Destinations

All the happy people live in Scandinavia: A study of the happiest and saddest countries

Excerpt from Forbes

Jan 14, 2013 11:21 am

Skift Take

The U.S. could be becoming a less happy place for people to live, having slipped from the top ten for the first time, but that hasn’t impacted its image as a happy place to visit.

— Samantha Shankman

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Jeff  / Flickr

A happy couple goes camping in Jotunheimen, Norway. Jeff / Flickr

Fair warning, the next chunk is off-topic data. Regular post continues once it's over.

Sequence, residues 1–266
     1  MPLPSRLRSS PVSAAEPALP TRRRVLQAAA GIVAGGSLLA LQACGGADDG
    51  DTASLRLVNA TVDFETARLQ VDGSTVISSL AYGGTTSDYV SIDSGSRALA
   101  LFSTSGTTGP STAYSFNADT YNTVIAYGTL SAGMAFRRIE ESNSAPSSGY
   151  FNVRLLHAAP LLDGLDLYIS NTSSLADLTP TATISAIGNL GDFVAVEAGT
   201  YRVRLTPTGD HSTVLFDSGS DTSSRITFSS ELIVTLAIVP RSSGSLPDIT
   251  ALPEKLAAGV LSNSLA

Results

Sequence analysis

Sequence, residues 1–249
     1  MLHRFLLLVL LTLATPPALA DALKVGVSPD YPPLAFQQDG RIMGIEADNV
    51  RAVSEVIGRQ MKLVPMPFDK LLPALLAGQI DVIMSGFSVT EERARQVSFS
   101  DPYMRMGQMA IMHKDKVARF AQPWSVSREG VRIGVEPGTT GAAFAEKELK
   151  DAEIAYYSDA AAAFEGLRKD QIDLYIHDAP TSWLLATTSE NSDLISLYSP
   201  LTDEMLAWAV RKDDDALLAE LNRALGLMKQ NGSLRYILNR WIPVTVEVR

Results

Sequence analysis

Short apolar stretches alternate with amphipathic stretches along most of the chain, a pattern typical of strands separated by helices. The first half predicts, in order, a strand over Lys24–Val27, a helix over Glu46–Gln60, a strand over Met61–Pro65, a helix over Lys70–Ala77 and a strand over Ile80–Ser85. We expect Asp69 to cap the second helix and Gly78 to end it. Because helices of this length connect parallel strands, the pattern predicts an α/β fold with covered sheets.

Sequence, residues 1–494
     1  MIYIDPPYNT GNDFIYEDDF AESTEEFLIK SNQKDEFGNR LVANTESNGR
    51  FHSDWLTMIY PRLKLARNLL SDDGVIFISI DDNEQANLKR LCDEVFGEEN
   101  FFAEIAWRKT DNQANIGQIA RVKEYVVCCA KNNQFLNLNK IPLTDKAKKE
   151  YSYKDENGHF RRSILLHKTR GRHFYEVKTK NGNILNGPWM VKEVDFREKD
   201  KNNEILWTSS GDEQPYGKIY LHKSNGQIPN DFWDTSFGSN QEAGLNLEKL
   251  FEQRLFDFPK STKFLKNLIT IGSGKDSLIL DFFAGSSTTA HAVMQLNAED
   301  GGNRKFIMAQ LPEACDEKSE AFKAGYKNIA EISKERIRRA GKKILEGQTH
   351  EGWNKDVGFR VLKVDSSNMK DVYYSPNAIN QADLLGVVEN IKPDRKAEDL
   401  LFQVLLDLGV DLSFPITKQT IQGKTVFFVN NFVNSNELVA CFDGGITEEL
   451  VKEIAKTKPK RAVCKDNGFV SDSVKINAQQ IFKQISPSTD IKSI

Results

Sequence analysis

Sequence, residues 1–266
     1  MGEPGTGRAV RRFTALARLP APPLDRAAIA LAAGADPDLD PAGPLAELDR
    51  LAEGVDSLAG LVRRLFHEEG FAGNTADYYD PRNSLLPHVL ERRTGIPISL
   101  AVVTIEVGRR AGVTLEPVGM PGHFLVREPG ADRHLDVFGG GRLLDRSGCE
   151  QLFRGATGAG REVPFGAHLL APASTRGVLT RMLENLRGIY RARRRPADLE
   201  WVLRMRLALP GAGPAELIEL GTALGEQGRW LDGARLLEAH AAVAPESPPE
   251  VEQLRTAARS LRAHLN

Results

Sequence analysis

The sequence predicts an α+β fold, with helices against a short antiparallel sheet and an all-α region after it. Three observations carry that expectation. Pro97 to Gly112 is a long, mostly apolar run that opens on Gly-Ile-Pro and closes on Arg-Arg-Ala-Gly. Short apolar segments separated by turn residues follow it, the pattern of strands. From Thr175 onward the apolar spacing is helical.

The United States is a nation in decline. Last year the land of the free and the home of the brave came in 10th place in the annual rankings of World’s Happiest Countries. This year the U.S.A. has slipped to 12th.

This marks the first time in the six-year history of the Legatum Institute‘s Prosperity Index that America has not placed in the top 10.

The Legatum Prosperity Index is based on a study of 142 countries comprising 96% of global population. Nations are analyzed and ranked on 89 indicators in 8 categories such as education, government and economics. Per capita GDP — basically how rich a nation is — is a factor in the index, but the whole point of the Legatum study is to look beyond such a simple measure at all the myriad issues that make up wellbeing and prosperity.

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